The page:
3. Create and administer a survey that suggests a consequence for each offense. Survey parents, students, teachers, administrators, and district residents in order to create a community standard—consequences agreed upon by the school and community. Consider asking student council, the building planning team, and the parent-teacher association to participate, especially if you encounter low response from a voluntary approach. Collect completed surveys and average the results; the consequences for each offense will become clear. Be familiar with case law, and know how the courts will rule when the consequence is challenged. For example, know students’ legal rights when they wear hats on school property before arriving at a community standard that might contradict case law.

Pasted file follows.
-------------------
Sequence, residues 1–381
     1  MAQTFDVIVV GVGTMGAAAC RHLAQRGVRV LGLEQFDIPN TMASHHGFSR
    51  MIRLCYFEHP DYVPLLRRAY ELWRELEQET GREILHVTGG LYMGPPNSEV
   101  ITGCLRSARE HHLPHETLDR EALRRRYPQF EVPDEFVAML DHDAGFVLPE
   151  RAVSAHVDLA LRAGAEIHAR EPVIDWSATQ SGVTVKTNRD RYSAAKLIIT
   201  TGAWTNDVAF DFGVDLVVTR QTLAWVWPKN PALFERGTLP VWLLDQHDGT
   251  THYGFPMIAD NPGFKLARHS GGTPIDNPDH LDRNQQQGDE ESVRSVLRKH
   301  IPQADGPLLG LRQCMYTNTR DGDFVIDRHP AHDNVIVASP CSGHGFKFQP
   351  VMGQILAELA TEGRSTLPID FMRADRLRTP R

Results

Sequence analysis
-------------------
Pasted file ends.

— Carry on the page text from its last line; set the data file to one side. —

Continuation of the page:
4. Categorize offenses and consequences into levels. Level-one offenses are low-level offenses that deserve low-level consequences, such as a warning or after-school detention. Top-level offenses deserve multiple days of OSS, a possible superintendent’s hearing, or even police involvement. Create a table to include in the student and parent handbooks that summarizes—by level—the consequences for anticipated offenses. Include board policy, administrative regulations, or student handbook references to clearly define the infraction. (See the chart below as an example.)
  5. Build in progressive discipline. Detention for being late to class one time is appropriate, but one detention for 20 tardies in the same week isn’t. Build progressive discipline into your leveled offenses so that multiple instances within a specific time frame bump up the consequence to the next level. For example, class tardiness is a level-one offense deserving of an after-school detention. But the third and fourth instance of tardiness within one month becomes a level-two offense, perhaps deserving a two-hour after-school detention.